Drs Sonia Arunabh and K. Rauhilla's case of a 62-year-old woman with Raynaud's
phenomenon (CONSULTANT, September 15, 2001, page 1526) offers one of
the finest photographs of this condition that I have seen (Figure). The patient had
hypertension and diabetes mellitus, and she had been a heavy smoker for many
years. Rheumatologic and endocrine workups were negative. Primary Raynaud's
phenomenon was diagnosed, and a calcium channel blocker was prescribed, which
ameliorated the patient's symptoms.
In their case report, however, the authors did not discuss what appears to be
marked thenar atrophy or the patient's extremely tight rings. The transverse markings
on the volar aspect of the wrist are also of interest—or perhaps they are only
Median nerve compression and carpal tunnel syndrome may be the cause of
her muscle wasting. Were an electromyelogram and a nerve conduction study done?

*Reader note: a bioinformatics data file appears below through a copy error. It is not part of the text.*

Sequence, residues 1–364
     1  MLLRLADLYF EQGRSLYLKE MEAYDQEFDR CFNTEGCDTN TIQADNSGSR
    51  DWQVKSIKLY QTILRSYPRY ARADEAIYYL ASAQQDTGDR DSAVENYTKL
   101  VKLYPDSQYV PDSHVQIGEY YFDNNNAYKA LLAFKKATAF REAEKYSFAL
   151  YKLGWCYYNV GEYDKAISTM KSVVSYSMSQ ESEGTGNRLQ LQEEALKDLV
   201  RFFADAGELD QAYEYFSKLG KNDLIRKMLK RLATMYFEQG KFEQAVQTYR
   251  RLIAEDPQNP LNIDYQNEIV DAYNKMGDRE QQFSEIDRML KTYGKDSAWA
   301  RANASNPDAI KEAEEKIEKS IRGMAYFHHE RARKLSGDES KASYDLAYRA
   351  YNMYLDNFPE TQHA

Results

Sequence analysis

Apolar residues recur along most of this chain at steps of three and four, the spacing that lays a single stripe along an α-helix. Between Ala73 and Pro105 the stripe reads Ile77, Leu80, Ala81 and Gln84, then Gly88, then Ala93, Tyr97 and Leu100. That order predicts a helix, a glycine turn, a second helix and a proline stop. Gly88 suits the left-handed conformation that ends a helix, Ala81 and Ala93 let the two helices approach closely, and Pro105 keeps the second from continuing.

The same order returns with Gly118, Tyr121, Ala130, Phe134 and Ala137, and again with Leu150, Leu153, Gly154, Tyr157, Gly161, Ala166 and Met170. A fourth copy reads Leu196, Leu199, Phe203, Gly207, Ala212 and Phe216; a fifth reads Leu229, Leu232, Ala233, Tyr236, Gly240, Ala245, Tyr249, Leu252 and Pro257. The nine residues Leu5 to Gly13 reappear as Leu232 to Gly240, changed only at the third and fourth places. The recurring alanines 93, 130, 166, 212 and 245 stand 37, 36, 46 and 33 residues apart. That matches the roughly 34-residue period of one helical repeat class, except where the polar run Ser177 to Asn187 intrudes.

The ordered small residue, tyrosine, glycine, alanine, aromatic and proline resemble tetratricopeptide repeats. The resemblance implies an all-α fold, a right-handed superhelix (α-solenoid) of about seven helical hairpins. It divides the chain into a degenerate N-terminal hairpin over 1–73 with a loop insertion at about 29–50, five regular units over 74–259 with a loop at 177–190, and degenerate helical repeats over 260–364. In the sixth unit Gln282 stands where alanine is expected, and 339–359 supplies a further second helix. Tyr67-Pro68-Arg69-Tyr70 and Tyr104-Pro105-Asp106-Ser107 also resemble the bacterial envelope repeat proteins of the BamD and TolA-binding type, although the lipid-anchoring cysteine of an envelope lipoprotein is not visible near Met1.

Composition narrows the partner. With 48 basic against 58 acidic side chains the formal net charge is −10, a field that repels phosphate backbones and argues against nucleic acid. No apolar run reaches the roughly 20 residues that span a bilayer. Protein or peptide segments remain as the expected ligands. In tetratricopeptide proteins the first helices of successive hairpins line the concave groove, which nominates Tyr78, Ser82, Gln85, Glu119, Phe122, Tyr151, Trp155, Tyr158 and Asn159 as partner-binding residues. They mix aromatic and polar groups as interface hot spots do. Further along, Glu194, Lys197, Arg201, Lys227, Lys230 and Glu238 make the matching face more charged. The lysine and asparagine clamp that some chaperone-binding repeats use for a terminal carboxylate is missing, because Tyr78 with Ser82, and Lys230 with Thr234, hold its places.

Also, what were the results of her most recent thyroid evaluation? Hypothyroidism
can cause both carpal tunnel syndrome and Raynaud's phenomenon.
Finally, I hope the patient was advised to remove her tight-fitting rings.
— Robert A. Scalice, MD
You are certainly an astute
clinician! Results of the
patient's thyroid function
tests were normal, and she
has been advised about
the rings before. We had postponed
doing an electromyelogram and
nerve conduction study while treating
the Raynaud's phenomenon. However,
since this case study appeared,
nerve conduction studies have been
performed. These did not reveal
carpal tunnel syndrome; nonetheless,
the patient feels better using
splints on her hands.
— Sonia Arunabh, MD
New Hyde Park, NY